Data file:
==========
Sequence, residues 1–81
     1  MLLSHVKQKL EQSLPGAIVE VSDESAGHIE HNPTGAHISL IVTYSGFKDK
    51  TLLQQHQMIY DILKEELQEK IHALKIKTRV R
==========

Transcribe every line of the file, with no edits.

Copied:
Sequence, residues 1–81
     1  MLLSHVKQKL EQSLPGAIVE VSDESAGHIE HNPTGAHISL IVTYSGFKDK
    51  TLLQQHQMIY DILKEELQEK IHALKIKTRV R